A surgical master-slave system
GB2571319A Keith Marshall, Rebecca Anne Cuthbertson, Gordon Thomas Deane CMR Surgical
Typically, in robotic master-slave systems, an operator controls the movements of a number of teleoperated tools using one or more input devices. Consequently, the operator can control the tools without needing to be in the same location as the worksite in which the tools are being manipulated. Image capture devices, such as cameras, and a display for displaying a view of the captured images may be included to provide the operator with a view of the worksite. Some applications of robotic master-slave systems include assembly, maintenance or exploration in hazardous environments, and minimally invasive surgical systems.
In surgical systems in particular, the operator(s) who may be a surgeon, an assistant, a student or a combination thereof can remotely manipulate a number of remote tools (such as surgical instruments) supported by a number of robotic manipulators by manipulating a number of input devices at an operator's console (e.g. a surgeon's console). As well as surgical instruments, the robotic manipulators may support image capture devices, such as endoscopes, to provide the operator with a view of the remote surgical site on a display.
However, methods of controlling the endoscope are inefficient at best. Specifically, the method in which a camera assistant controls the endoscope can lead to delays and errors (e.g. it is possible for the surgeon to become disorientated by the movement of the endoscope frame of reference with respect to the surgeon's position). In the method In which the surgeon uses the input device to control the endoscope, the surgeon needs to stop the surgical procedure before the surgeon can manipulate the endoscope to change his/her viewpoint of the surgical site. In contrast, during normal open surgery the surgeon can move their head in response to a need or stimulus to change their viewpoint of the surgical site while carrying on with the procedure at the same time.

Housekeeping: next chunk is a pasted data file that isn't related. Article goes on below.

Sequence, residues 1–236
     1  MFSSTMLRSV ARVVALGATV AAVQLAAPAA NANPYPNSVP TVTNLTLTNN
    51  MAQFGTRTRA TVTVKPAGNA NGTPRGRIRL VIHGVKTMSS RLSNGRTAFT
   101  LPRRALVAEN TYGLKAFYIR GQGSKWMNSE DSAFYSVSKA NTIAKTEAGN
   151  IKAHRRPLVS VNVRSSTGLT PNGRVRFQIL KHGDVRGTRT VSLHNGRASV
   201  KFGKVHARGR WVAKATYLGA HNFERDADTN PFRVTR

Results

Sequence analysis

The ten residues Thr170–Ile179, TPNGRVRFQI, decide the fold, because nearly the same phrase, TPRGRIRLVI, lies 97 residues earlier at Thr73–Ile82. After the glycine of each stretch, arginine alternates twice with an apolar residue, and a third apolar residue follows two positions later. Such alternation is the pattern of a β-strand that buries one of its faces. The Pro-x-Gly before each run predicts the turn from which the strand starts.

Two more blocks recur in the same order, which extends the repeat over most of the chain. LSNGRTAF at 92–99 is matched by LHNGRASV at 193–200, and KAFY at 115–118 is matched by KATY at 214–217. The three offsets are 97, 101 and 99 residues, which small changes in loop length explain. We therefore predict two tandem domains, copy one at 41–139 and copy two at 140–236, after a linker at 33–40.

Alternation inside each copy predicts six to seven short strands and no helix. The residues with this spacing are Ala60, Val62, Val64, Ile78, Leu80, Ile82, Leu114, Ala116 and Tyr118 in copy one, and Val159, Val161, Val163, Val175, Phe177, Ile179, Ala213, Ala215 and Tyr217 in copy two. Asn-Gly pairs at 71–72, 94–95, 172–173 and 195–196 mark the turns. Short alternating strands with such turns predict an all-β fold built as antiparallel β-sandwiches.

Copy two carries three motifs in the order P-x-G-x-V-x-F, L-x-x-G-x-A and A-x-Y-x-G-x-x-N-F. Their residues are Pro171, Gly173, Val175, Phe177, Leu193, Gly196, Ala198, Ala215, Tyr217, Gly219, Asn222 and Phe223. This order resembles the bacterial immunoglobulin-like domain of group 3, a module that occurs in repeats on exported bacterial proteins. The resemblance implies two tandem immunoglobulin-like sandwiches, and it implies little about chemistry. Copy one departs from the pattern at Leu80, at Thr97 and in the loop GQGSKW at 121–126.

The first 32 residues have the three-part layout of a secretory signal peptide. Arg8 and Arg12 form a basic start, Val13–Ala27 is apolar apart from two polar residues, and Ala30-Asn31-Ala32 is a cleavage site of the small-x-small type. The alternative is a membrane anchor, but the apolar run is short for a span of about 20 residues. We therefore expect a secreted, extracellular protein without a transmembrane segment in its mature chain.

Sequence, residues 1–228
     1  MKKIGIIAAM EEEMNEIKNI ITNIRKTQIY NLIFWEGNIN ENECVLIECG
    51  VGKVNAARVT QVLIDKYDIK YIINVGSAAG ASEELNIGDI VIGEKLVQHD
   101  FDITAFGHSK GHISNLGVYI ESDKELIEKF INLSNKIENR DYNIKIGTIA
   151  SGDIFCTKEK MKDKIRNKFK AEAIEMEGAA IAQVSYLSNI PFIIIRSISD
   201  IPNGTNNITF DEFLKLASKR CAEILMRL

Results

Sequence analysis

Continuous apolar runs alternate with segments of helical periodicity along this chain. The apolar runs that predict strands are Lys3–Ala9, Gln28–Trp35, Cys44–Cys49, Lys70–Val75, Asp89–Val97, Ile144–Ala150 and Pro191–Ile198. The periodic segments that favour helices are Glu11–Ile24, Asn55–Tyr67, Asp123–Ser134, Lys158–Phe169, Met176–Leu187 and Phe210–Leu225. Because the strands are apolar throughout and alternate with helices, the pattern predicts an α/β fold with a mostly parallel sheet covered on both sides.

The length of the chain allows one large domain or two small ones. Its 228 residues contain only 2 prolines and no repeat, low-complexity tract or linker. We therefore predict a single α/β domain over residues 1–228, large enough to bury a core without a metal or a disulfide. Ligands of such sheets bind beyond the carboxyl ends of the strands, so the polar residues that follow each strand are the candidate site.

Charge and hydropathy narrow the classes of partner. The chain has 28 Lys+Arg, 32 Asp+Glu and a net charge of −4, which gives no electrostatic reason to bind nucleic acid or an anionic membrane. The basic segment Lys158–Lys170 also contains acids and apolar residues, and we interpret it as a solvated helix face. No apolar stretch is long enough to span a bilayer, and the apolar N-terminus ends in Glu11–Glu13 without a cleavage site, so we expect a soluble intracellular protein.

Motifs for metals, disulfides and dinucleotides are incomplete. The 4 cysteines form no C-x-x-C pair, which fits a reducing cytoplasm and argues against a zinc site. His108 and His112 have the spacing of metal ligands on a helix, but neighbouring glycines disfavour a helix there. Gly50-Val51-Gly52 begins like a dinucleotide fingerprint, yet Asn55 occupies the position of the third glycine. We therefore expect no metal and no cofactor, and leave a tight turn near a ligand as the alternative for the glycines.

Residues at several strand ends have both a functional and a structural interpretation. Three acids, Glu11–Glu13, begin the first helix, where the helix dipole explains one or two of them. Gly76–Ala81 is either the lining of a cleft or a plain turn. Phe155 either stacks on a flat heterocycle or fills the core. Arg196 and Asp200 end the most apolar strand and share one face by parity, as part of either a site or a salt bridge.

There is, therefore, a need for an improved master-slave system which would allow a surgeon to more intuitively and comfortably change their view of the surgical site while at the same time being able to carry on with the procedure at hand
Accordingly, the present invention provides a master-slave system comprising: a first manipulator supporting a first end effector; a second manipulator supporting a second end effector; an input device configured to concurrently receive from a hand of an operator a first movement command to effect a desired movement of the first end effector, and a second movement command to effect a desired movement of the second end effector; and a processor configured to determine a desired movement of the first and the second end effectors in response to the first and second movement commands received from the input device.
Electrosurgical instrument for ablation and resection
GB2571223A Christopher Paul Hancock; Malcolm White; Peter Clegg; Patrick Burn Creo Medical
The invention relates to a combined ablation and resection instrument, and an energy delivery system. Surgical resection is a means of removing sections of unwanted tissue associated with organs within the human or animal body, such as the liver or the spleen or the bowel. When tissue is cut (divided or transected) small blood vessels called arterioles are damaged or ruptured. Initial bleeding is followed by a coagulation cascade where the blood is turned into a clot in an attempt to plug the bleeding point. During an operation, it is desirable for a patient to lose as little blood as possible, so various devices have been developed in an attempt to provide blood free cutting.
At its most general, the invention (pictured, right) provides an electrosurgical instrument which is capable of simultaneously ablating an area of tissue with microwave energy and performing resection with RF energy. In particular, the invention is concerned with structure for conveying both RF and microwave energy to an instrument tip that is configured to emit the microwave energy in a manner suitable for ablation (e.g. as a substantially spherical field) and to emit the RF energy in a more focussed manner to enable accurate and controllable resection to be performed.